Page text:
Yayoi period

archaeological culture

The Yayoi period (弥生時代, Yayoi jidai) is a time in the history of Japan which is traditionally dated 300 BC to 300 AD.[1]

HistoryEdit

Early evidence of Yayoi culture is found on the island of Kyūshū. Over time, it spread to the island of Honshū.[2]

Iron and bronze were first used in Japan at about the same time. Iron was used for tools and weapons. Bronze was used for ritual objects such as mirrors, daggers and spears.[3]

The Yayoi tools included as axes and hoes for agriculture etc., but also weapons such as arrowheads and swords.[4]

Yayoi peopleEdit

 
Modern distribution of haplogroup O.

The Yayoi people (弥生人 Yayoi jin) were ancient people that migrated to the Japanese archipelago from southeastern China during the Yayoi period (300 BCE–300 CE). Modern Japanese people are direct descedants of the Yayoi and have about 97% Yayoi DNA.[5][6]

The Yayoi and the modern Japanese people are closely related to other East Asian (or Mongoloid) people, such as Chinese or Vietnamese people. They belonged to the haplogroup O and spoke the proto-Japonic languages. Most scientists and linguists suggest that they originated somewhere in southeastern China and migrated from their into Japan.[7][8][9]

ReferencesEdit

  1. Ancient Cultures, Library of Congress Country Studies, Japan.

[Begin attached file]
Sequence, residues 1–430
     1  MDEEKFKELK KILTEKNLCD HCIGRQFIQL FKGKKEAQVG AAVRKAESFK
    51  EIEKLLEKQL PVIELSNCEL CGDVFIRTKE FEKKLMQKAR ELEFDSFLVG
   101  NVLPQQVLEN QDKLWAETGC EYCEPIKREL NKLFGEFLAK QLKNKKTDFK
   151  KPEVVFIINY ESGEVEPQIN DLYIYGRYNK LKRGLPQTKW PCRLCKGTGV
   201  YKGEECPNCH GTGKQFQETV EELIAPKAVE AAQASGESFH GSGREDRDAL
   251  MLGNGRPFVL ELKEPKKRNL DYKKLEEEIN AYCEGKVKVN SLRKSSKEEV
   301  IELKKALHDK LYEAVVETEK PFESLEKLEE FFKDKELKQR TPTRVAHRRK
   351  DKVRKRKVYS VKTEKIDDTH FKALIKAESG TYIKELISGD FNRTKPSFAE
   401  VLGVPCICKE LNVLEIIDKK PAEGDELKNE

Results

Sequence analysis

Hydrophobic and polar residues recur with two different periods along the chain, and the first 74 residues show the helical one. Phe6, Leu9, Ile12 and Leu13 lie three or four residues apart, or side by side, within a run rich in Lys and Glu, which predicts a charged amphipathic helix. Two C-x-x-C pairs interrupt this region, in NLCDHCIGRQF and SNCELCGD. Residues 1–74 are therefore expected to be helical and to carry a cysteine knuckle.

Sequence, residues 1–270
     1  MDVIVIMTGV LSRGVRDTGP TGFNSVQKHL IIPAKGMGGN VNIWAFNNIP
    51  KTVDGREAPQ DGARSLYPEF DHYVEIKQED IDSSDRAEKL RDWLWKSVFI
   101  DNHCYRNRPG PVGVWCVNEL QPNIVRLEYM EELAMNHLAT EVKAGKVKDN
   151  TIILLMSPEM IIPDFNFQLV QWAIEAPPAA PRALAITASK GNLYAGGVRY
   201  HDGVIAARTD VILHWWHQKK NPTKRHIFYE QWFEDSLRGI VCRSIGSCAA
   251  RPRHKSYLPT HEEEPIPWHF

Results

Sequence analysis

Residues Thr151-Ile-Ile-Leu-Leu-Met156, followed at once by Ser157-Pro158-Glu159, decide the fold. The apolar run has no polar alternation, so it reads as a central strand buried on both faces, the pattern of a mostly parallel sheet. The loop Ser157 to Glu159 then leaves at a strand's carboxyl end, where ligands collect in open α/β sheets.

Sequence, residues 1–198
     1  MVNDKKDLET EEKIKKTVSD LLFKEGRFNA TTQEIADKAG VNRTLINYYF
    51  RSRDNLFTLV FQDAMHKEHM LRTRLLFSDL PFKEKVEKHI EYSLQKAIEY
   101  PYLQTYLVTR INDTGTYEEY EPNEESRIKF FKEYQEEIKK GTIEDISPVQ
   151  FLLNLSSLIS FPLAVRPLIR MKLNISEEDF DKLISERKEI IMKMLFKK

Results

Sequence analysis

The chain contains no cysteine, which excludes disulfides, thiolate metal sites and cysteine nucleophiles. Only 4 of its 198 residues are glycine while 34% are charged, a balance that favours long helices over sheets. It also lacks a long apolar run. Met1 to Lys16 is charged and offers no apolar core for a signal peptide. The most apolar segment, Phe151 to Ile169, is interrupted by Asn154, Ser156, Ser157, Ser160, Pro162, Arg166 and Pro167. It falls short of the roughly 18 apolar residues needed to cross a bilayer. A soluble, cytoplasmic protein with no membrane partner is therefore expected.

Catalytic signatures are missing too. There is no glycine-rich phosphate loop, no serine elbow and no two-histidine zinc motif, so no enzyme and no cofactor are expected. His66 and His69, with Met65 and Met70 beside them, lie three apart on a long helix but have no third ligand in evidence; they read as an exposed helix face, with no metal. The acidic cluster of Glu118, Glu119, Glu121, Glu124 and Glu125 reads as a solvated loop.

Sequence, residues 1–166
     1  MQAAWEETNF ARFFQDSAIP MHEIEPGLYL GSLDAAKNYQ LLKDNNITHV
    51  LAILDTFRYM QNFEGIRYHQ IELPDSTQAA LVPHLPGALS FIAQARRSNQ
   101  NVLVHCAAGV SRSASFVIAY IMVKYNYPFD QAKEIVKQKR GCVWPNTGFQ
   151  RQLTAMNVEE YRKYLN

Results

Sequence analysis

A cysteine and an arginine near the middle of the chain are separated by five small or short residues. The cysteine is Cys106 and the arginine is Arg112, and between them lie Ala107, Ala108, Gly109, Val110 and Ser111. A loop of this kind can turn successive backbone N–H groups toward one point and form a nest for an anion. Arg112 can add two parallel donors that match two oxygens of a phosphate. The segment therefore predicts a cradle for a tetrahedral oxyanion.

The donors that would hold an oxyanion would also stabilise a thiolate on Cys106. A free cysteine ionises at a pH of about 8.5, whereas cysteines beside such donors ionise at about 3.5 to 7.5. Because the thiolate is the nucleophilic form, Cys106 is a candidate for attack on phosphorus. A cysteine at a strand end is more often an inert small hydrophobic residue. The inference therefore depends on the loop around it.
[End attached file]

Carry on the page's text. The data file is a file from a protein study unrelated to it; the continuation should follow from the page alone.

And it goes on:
2. Nussbaum, Louis-Frédéric. (2005). "Yayoi" in Japan Encyclopedia, pp. 1051-1052.
  3. British Museum, Dhoko (ritual spear blade) retrieved 2012-2-13.
  4. "Neolithic Japan - Yayoi period (c. 250 BC-c. AD 250) - Japanese History Online". yamasa.org. 2004 [last update]. Retrieved 13 February 2012. Check date values in: |year= (help)
  5. "Jomon genome sheds light on East Asian population history" (PDF). doi:10.1101/579177. Cite journal requires |journal= (help)
  6. "「縄文人」は独自進化したアジアの特異集団だった! : 深読み". 読売新聞オンライン (in Japanese). 2017-12-15. Retrieved 2019-12-19.
  7. 崎谷満『DNA・考古・言語の学際研究が示す新・日本列島史』(勉誠出版 2009年)(in Japanese)
  8. Robbeets, Martine; Savelyev, Alexander (2017-12-21). Language Dispersal Beyond Farming. John Benjamins Publishing Company. ISBN 978-90-272-6464-0.
  9. Vovin, Alexander (2013). "From Koguryo to Tamna: Slowly riding to the South with speakers of Proto-Korean". Korean Linguistics. 15 (2): 222–240.

Other websitesEdit

  Media related to Yayoi period at Wikimedia Commons